The group, which began including newspapers as assets in 1988, said it was ending the practice because the basis on which such intangible assets were valued was 'extremely subjective' and the investment community tended to ignore them when making gearing and other calculations.
At the end of September 1991, Lonrho had pounds 131m of intangible assets, pounds 117m of which was the group's newspaper titles and pounds 14m development costs. By the interim stage disposals such as the pounds 45m sale of its Scottish weekly titles had reduced intangible assets to pounds 81m. Now the Observer remains as the only intangible still in the balance sheet. The valuation attached to it at present is unclear, although media analysts doubt that it would be significant, given that it is currently thought to be losing more than pounds 20m a year.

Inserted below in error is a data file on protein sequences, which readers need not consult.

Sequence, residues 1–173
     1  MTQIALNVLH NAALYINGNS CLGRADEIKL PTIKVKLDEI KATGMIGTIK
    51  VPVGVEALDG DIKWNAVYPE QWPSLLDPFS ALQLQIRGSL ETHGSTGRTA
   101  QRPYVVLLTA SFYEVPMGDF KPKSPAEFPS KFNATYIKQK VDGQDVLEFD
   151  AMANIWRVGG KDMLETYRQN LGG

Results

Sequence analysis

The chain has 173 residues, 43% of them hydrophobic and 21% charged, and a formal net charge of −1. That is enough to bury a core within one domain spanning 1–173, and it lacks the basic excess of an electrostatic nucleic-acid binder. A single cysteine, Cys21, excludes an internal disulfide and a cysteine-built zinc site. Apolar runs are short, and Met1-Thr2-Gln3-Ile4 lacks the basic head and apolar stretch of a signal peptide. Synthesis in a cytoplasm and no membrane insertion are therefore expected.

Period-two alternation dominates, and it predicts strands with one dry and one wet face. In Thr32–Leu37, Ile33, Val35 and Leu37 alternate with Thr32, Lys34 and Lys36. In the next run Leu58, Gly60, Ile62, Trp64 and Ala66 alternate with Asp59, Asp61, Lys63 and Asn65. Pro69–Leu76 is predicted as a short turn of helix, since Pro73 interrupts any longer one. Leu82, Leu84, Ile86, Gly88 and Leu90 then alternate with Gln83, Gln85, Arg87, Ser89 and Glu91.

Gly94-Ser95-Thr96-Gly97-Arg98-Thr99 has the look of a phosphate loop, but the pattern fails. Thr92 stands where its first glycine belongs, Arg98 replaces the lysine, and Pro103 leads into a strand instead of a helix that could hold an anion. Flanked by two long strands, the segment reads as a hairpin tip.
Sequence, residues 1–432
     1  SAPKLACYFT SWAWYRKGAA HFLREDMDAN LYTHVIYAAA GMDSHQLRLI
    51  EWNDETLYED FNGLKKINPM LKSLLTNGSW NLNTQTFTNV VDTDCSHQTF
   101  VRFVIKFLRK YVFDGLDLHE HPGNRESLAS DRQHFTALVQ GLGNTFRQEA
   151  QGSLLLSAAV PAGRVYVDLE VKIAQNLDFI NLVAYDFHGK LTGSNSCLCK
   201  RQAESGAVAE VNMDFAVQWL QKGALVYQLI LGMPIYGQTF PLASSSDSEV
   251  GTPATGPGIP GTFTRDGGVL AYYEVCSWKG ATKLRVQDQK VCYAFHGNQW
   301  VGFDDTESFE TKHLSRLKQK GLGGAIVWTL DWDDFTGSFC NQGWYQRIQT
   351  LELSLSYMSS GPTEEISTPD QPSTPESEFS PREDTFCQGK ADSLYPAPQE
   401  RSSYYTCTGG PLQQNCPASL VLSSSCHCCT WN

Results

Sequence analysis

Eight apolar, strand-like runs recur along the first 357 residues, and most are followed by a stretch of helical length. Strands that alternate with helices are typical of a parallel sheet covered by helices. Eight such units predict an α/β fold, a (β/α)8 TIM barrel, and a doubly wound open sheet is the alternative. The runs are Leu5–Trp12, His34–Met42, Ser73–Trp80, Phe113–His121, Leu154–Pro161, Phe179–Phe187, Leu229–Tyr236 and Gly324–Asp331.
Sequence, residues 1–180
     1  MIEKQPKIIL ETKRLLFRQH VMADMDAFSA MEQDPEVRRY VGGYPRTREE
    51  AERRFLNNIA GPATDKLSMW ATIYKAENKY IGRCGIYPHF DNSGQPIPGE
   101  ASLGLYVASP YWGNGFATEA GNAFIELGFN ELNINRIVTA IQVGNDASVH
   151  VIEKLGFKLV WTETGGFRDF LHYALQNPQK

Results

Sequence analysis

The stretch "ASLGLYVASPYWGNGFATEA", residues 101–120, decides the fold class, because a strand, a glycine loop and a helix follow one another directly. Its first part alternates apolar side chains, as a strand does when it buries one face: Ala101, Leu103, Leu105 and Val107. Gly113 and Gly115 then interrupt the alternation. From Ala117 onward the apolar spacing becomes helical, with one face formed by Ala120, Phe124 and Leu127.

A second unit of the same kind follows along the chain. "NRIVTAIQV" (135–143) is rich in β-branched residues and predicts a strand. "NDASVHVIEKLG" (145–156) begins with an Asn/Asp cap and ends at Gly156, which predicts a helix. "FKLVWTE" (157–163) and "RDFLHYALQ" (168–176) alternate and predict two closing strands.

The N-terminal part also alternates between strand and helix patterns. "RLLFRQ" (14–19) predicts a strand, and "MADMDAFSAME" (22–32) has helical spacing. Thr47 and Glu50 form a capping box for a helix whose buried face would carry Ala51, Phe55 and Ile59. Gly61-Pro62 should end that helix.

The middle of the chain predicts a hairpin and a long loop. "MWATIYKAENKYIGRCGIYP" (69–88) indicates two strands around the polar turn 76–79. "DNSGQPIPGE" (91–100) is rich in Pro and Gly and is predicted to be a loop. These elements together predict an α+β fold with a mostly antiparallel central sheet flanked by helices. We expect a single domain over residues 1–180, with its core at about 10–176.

Accountants said yesterday that the change would mean any gain recorded on sales of intangibles would be increased by the amount by which the assets had previously been recorded in the balance sheet.Reuse content